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Biochimie. 2016 Nov;130:163-167. doi: 10.1016/j.biochi.2016.07.011. Epub 2016 Aug 2.

Mechanisms of DHA transport to the brain and potential therapy to neurodegenerative diseases.

Author information

1
Univ Lyon, INSA-Lyon, Inserm UMR 1060, Inra UMR 1397, CarMeN Laboratory, IMBL, Villeurbanne F-69621, France; Tohoku University Grad. Sch. of Med., Center for Neuroscience, ART, Dept. of Developmental Neuroscience, Sendai, Japan.
2
Tohoku University Grad. Sch. of Med., Center for Neuroscience, ART, Dept. of Developmental Neuroscience, Sendai, Japan.
3
Univ Lyon, INSA-Lyon, Inserm UMR 1060, Inra UMR 1397, CarMeN Laboratory, IMBL, Villeurbanne F-69621, France.
4
Univ Lyon, INSA-Lyon, Inserm UMR 1060, Inra UMR 1397, CarMeN Laboratory, IMBL, Villeurbanne F-69621, France. Electronic address: nathalie.bernoud-hubac@insa-lyon.fr.

Abstract

Docosahexaenoic acid (DHA; 22:6 ω-3) is highly enriched in the brain and is required for proper brain development and function. Its deficiency has been shown to be linked with the emergence of neurological diseases. Dietary ω-3 fatty acid supplements including DHA have been suggested to improve neuronal development and enhance cognitive functions. However, mechanisms of DHA incorporation in the brain remain to be fully understood. Findings suggested that DHA is better incorporated when esterified within lysophospholipid rather than under its non-esterified form. Furthermore, DHA has the potential to be converted into diverse oxylipins with potential neuroprotective effects. Since DHA is poorly synthesized de novo, targeting the brain with specific carriers of DHA might provide novel therapeutic approaches to neurodegenerative diseases.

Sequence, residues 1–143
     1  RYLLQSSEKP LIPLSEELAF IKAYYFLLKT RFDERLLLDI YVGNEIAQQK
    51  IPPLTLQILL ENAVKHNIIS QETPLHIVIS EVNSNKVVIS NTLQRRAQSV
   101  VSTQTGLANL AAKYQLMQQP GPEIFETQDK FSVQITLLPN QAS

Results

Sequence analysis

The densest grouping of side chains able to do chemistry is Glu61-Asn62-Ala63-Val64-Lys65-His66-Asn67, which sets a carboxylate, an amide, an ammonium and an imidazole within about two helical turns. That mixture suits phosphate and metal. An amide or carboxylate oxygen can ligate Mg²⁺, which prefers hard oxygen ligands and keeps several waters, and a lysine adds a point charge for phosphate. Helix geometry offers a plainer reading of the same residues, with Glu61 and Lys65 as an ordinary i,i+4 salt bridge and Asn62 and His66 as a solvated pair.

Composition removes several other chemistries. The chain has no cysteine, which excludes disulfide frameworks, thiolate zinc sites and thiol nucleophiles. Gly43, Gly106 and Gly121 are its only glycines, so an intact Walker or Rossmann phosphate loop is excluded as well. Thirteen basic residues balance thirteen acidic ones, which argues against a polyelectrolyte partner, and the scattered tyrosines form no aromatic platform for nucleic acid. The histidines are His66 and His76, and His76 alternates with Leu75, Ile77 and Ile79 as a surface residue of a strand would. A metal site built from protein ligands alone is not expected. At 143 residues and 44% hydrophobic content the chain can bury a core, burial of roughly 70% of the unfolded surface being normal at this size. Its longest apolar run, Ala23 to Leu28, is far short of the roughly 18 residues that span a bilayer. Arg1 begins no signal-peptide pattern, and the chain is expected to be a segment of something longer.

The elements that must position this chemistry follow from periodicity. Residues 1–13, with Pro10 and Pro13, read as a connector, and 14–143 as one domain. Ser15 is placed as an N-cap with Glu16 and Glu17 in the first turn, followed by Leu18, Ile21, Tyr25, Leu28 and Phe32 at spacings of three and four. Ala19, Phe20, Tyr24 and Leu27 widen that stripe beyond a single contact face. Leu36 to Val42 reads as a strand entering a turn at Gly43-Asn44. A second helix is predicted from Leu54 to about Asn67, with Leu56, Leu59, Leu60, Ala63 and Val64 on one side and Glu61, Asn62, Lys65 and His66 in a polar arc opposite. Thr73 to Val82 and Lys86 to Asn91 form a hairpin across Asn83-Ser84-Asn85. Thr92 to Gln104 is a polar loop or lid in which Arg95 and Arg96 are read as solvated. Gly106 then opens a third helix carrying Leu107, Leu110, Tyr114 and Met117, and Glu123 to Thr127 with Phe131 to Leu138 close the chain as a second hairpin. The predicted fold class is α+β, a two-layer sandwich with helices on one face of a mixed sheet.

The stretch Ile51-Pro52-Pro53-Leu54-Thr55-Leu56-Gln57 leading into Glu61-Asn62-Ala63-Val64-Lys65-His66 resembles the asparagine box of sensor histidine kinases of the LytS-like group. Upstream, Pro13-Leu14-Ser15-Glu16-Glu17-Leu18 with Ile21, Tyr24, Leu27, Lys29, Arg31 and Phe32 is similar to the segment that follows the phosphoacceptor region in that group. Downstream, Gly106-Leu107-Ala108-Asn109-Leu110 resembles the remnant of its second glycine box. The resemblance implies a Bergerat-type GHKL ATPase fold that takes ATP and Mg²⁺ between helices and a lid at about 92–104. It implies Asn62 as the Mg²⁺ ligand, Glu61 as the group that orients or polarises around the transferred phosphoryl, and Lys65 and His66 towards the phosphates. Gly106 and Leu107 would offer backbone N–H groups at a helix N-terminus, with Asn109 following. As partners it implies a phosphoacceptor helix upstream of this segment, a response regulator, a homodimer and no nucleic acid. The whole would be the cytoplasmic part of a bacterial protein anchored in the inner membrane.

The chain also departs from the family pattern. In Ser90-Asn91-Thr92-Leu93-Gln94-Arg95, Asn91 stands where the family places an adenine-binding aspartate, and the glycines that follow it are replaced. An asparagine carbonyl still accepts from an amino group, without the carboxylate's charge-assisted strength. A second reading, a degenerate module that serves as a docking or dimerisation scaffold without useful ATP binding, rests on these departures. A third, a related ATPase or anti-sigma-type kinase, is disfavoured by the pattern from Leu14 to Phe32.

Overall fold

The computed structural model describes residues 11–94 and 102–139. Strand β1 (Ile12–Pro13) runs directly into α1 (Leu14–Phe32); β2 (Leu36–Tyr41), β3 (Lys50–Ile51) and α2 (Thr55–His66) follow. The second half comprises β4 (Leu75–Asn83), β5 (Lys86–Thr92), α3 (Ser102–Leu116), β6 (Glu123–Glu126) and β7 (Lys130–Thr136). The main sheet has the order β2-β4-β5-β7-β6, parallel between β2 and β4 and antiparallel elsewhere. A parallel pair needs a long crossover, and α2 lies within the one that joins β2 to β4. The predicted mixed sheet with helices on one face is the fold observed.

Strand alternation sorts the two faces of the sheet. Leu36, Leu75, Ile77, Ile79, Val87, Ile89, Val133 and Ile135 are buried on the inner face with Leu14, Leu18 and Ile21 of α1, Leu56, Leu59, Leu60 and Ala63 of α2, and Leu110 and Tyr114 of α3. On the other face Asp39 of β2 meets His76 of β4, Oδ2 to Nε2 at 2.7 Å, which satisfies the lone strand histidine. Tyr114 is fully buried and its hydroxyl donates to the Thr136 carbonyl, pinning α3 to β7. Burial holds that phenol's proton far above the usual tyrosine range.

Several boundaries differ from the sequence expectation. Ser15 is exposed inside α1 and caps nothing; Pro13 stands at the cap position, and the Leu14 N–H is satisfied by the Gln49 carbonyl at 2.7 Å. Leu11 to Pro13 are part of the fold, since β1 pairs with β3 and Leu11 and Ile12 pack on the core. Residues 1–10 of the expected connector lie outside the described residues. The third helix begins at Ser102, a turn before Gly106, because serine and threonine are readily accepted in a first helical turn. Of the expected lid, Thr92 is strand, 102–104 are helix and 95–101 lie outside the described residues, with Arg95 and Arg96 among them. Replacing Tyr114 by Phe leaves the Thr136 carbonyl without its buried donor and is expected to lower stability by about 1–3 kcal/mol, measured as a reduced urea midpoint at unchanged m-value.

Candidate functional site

KEYWORDS:

Blood-brain-barrier; Brain; Docosahexaenoic acid; Neuroprotection; Phospholipids; Transport

PMID:
27496085
DOI:
10.1016/j.biochi.2016.07.011
[Indexed for MEDLINE]

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